By Andrew Bossone
Alexandria, Egypt–Social media’s influence on revolution is a hot issue in the press and also among young people.
When Egypt’s interim Prime Minister Ahmed Shafiq recently stepped down from his post, the announcement came out not on television or in a press conference, but on Facebook.
The Supreme Council of the Armed Forces — now ruling Egypt — made the announcement on its official Facebook page, which has more than 700,000 followers.
At the recent Arab Youth Conference at the Library of Alexandria, technology’s role in Egypt’s revolution certainly was not lost on the crowd. Even the Library itself, which was built “to recapture the spirit of the great ancient library with the tools and the means of the 21st century,” according to director Ismail Serageldin, values the importance of technology. (Read my earlier blog post: Library of Alexandria Hosts Youth Summit for Post-Revolution Discussion.)
The role of social media in the uprisings could be debated at length. It certainly aided the protestors in their cause. See this video of my Twitter feed from the early morning of January 28, the first widespread day of protesting in Egypt:
Many people are looking at the future of the media, and see social media as having an important role. Now could be a new period to integrate social and traditional media, bringing the media buzzword of “convergence” back into the foray of journalism.
“What happened in Egypt is that we managed to plug this gap between social and traditional media because you had some videos that started on social media and then the traditional TV like Al Jazeera, BBC, which took it from the Internet and screened it with less quality,” said Karim El-Shenawy, who produces low budget films for social media.
“I think it’s a new era of integration,” he added.
The conference itself was organized through social media networks. When the organizers had to cancel the original date because of the events in Egypt, they set up an online poll to see if the new date was suitable to attendees.
At the event young people from many countries in North Africa and the Middle East expressed a desire to stay in touch online and use social media to organize their ideas together. Not everyone, however, was concerned with making online groups.
“People here are talking about politics and about making Facebook groups, but we need to have a minimum wage,” said Mohannad Hassanien. “There are people on the street working eight, 12, 16 hours a day and they can’t make enough money to feed their families.”
The widespread use of social media networks presents an interesting challenge for traditional media outlets. Many have incorporated Twitter feeds and Youtube videos into their published material.
Just as young people at the conference showed a desire simply to share their voices, using social media has been an important outlet to express themselves freely. A mash up of traditional media and social media could eventually be a means to spread alternative voices on a large scale.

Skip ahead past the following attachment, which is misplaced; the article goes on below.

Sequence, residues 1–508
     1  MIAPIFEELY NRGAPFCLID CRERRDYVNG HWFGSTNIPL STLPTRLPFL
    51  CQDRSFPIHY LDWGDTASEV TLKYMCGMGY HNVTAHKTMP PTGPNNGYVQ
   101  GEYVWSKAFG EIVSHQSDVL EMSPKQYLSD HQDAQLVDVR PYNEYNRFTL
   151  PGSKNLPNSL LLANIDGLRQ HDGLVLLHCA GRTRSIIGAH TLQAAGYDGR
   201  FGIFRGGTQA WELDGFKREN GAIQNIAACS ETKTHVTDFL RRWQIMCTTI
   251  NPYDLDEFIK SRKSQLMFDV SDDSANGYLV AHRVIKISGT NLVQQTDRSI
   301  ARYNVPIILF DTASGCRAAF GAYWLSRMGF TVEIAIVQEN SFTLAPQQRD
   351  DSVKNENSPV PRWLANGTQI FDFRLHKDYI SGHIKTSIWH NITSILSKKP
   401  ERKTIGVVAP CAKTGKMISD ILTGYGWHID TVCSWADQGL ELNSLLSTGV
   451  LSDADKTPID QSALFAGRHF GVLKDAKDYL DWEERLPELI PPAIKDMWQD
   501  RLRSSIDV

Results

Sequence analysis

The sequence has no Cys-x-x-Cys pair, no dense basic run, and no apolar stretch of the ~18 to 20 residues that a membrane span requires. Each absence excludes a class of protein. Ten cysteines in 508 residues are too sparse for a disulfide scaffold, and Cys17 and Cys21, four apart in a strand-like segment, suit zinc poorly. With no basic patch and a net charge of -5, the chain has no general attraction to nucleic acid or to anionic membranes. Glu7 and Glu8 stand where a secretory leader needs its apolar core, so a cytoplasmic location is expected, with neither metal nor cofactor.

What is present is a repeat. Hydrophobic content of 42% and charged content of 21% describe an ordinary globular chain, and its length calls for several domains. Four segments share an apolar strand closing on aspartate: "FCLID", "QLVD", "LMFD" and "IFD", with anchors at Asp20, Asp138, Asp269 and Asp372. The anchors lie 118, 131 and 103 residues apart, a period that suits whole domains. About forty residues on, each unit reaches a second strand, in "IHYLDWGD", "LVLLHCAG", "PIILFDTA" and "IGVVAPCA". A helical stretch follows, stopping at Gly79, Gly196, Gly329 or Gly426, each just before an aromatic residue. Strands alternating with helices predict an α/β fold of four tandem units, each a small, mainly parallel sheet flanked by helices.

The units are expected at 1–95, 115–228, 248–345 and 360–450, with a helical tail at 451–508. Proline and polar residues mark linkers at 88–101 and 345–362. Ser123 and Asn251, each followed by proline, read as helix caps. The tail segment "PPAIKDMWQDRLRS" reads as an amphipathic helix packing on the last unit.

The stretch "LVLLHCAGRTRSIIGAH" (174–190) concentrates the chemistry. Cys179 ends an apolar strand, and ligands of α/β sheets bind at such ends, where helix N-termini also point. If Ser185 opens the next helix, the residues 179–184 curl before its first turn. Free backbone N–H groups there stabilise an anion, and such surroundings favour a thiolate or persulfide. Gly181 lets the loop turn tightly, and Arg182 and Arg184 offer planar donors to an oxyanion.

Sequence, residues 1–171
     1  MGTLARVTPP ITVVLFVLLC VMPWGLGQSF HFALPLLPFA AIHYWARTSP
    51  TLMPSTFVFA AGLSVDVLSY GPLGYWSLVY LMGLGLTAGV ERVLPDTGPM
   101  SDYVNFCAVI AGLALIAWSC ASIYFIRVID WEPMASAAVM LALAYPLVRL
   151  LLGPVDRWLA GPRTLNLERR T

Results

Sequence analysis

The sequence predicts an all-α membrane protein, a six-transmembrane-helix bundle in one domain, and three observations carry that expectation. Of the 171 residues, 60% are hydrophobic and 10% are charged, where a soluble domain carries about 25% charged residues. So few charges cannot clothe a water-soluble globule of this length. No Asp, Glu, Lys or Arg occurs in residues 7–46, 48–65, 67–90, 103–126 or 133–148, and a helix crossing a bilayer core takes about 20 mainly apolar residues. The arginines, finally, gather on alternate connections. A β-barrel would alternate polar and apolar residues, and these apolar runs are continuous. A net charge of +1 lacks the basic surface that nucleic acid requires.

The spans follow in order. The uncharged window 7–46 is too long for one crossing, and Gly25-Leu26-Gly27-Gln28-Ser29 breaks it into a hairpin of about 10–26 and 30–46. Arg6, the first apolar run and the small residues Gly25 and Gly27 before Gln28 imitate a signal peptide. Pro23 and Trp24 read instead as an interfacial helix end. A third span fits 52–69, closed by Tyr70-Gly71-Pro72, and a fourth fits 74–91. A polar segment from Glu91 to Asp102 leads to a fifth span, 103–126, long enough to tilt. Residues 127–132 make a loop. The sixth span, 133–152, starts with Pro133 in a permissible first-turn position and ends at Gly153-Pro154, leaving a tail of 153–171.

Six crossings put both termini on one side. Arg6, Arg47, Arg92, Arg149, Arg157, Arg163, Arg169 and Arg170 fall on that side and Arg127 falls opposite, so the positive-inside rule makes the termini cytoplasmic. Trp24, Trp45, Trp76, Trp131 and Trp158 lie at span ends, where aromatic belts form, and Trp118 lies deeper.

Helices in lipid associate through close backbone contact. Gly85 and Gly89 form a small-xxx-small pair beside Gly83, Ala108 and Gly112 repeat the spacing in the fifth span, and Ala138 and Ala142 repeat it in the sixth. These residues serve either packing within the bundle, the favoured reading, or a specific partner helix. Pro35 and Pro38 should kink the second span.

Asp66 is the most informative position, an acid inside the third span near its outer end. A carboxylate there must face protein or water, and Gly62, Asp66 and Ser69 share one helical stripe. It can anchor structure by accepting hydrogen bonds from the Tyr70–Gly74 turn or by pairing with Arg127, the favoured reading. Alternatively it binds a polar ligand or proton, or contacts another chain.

“The presence of young people as role models in mainstream media is lacking,” said Joe Khalil, a professor at Northwestern University’s campus in Qatar, who did not attend the conference.
“The kind of messages that young people are making are much more than what is permissible in mainstream media,” he added.
Similarly, David Munir, who runs a newspaper in Lebanon produced by young people, Hibr, said that young people want to have their voices included in the media, but free from restrictive censorship.
“We want to know how to remove that filter to have the young people create the content directly, to allow young people to have their voices unencumbered by an adult voice [in traditional media],” he said at a lecture in Beirut.
Munir said that the media should still incorporate an editorial process. He acknowledged that filters are needed at the very least to maintain standards of quality.
“Young people can be the filter of other people and make it a collaborative process,” he said.
In addition to creating the newspaper, Hibr also spends considerable time training young people on the process of content creation, including clinics on plagiarism and tying in students’ school projects to the paper itself. It encourages young people to start independently producing content, in what Munir calls “micromedia outlets.”
“We don’t see them as competition. We want to connect them.”
Social and traditional media integration still needs some time. In the interim, some young people have more pressing issues on their minds.
“We need to ensure that the momentum of the revolution will continue until we achieve what we demanding: a democratic country, a powerful country, a just country, with no oppression and no dictatorship, and to join the free world,” said Muhammad Khallaf, a medical student from Egypt.
Andrew Bossone is a regular contributor to National Geographic Daily News.